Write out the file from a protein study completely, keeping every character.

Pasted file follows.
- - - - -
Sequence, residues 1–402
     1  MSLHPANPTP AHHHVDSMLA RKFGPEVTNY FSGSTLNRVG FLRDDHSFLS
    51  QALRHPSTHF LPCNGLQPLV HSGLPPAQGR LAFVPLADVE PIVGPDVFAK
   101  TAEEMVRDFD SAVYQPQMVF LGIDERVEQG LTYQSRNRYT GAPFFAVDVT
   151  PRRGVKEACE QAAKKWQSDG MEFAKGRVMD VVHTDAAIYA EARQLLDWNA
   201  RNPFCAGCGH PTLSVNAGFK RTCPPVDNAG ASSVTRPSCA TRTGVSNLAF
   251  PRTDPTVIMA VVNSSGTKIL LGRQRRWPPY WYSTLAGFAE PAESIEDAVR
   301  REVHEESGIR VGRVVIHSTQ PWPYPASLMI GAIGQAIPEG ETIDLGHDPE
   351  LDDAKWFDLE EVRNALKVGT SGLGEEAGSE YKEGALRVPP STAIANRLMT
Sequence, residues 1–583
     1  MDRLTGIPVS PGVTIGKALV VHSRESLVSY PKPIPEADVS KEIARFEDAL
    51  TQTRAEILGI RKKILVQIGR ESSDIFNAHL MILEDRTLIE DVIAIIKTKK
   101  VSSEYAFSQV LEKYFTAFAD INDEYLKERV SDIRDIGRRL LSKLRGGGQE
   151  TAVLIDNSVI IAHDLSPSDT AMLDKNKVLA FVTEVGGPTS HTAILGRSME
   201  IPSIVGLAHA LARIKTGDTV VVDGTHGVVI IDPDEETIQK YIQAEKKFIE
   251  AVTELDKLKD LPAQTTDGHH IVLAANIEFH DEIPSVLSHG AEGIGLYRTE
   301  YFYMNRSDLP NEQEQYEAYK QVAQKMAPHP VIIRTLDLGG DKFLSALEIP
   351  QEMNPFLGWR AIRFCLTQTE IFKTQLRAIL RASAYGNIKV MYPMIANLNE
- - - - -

Sequence, residues 1–402
     1  MSLHPANPTP AHHHVDSMLA RKFGPEVTNY FSGSTLNRVG FLRDDHSFLS
    51  QALRHPSTHF LPCNGLQPLV HSGLPPAQGR LAFVPLADVE PIVGPDVFAK
   101  TAEEMVRDFD SAVYQPQMVF LGIDERVEQG LTYQSRNRYT GAPFFAVDVT
   151  PRRGVKEACE QAAKKWQSDG MEFAKGRVMD VVHTDAAIYA EARQLLDWNA
   201  RNPFCAGCGH PTLSVNAGFK RTCPPVDNAG ASSVTRPSCA TRTGVSNLAF
   251  PRTDPTVIMA VVNSSGTKIL LGRQRRWPPY WYSTLAGFAE PAESIEDAVR
   301  REVHEESGIR VGRVVIHSTQ PWPYPASLMI GAIGQAIPEG ETIDLGHDPE
   351  LDDAKWFDLE EVRNALKVGT SGLGEEAGSE YKEGALRVPP STAIANRLMT
Sequence, residues 1–583
     1  MDRLTGIPVS PGVTIGKALV VHSRESLVSY PKPIPEADVS KEIARFEDAL
    51  TQTRAEILGI RKKILVQIGR ESSDIFNAHL MILEDRTLIE DVIAIIKTKK
   101  VSSEYAFSQV LEKYFTAFAD INDEYLKERV SDIRDIGRRL LSKLRGGGQE
   151  TAVLIDNSVI IAHDLSPSDT AMLDKNKVLA FVTEVGGPTS HTAILGRSME
   201  IPSIVGLAHA LARIKTGDTV VVDGTHGVVI IDPDEETIQK YIQAEKKFIE
   251  AVTELDKLKD LPAQTTDGHH IVLAANIEFH DEIPSVLSHG AEGIGLYRTE
   301  YFYMNRSDLP NEQEQYEAYK QVAQKMAPHP VIIRTLDLGG DKFLSALEIP
   351  QEMNPFLGWR AIRFCLTQTE IFKTQLRAIL RASAYGNIKV MYPMIANLNE